I train not just concerning the spiritual but the natural, but wait… the two are very much connected.
- I train them to not be idle and prioritize that which is important when I choose to cook and clean my house instead of spending too much time on social media. I also give them the opportunity to work with their hands and allow the mess that comes with learning.
- I train them to understand what honor “looks” like when their father comes home to a cooked meal and washed clothes. When my words are tempered with grace and my eyes aren’t rolling when he says something I don’t want to hear. They are watching more than I realize, and I have had to apologize more than once.
- I train them to have responsibilities when I sit in the kitchen and talk to them for a hour and a half while they clean, a job that I could have done in 30 minutes. Or when I wait for what seems like forever for them to pick up every Lego off the floor and resist the temptation to do it all for them because I can do it faster and better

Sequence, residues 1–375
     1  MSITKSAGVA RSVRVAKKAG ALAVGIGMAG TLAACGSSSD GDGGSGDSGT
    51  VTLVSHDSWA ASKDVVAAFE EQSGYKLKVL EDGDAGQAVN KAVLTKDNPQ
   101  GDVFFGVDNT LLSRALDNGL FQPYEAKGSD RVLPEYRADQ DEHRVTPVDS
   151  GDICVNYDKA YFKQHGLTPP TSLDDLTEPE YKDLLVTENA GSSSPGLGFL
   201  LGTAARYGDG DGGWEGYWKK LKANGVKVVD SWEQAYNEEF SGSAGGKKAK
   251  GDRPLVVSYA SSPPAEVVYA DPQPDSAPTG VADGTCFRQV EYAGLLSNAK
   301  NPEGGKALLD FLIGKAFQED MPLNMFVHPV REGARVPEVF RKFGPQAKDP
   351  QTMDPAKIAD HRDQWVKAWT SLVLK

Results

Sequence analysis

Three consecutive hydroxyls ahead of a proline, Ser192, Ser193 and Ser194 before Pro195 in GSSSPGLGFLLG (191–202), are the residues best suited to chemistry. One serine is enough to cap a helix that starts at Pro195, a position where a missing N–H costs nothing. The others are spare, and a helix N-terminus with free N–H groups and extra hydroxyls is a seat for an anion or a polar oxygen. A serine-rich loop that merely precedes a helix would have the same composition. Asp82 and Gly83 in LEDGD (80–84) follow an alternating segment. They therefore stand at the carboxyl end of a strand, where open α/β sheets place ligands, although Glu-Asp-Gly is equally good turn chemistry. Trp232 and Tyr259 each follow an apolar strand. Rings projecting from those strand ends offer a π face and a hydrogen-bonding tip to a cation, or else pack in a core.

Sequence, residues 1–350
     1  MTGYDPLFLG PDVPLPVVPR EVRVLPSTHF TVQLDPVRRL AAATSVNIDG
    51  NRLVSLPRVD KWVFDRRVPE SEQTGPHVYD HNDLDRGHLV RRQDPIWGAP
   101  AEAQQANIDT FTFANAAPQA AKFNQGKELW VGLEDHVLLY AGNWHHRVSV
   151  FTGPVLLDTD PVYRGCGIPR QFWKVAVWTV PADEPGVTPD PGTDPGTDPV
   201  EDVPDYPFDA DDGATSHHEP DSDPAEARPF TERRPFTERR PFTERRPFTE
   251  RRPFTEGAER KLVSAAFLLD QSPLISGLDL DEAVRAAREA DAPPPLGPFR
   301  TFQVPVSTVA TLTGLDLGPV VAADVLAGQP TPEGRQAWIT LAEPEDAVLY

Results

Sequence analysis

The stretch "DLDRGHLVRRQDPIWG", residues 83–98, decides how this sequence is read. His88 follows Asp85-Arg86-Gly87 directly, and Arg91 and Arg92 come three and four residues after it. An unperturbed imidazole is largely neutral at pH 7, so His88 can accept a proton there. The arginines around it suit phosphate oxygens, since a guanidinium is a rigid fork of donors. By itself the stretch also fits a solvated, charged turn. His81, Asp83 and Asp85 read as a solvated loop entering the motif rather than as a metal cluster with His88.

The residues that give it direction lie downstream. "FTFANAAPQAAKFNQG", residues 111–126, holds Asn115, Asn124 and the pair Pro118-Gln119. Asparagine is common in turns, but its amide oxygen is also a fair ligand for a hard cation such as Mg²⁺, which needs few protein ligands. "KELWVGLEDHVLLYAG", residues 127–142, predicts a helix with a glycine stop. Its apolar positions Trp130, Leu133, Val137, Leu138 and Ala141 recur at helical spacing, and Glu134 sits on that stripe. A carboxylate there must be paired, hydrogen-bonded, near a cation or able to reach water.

- I train them when I allow them to experience the consequences of their poor choices and not always come to the rescue. “No I will not allow you to be late to school because you can’t find your recorder for music class. I told you the night before to put everything in your bag. Are you kidding me? There is six of you, I cannot keep up with your stuff. Stop crying and get in the van RIGHT NOW!” True story, I am not making this up.. oh it’s happened to you too?
- I train them to love who God created them to be when I allow them to cry because they just don’t fit in with everyone else. I say a prayer, wipe the tears and tell them how beautiful and special they are because God said so and I believe Him.
- I train them to feel secure through the meals we share as a family at the table. Letting them know that even with the absence of fine china and a perfectly set table conversations about the highs and lows of our day can flow freely.
- I train them to know they are loved by putting my to do list on hold and reading a book with them or just being silly and laughing about nothing really important.
- I train them to know dedication when I take my tired body to bed, wake up the next morning, ready to do it all over again and again and again!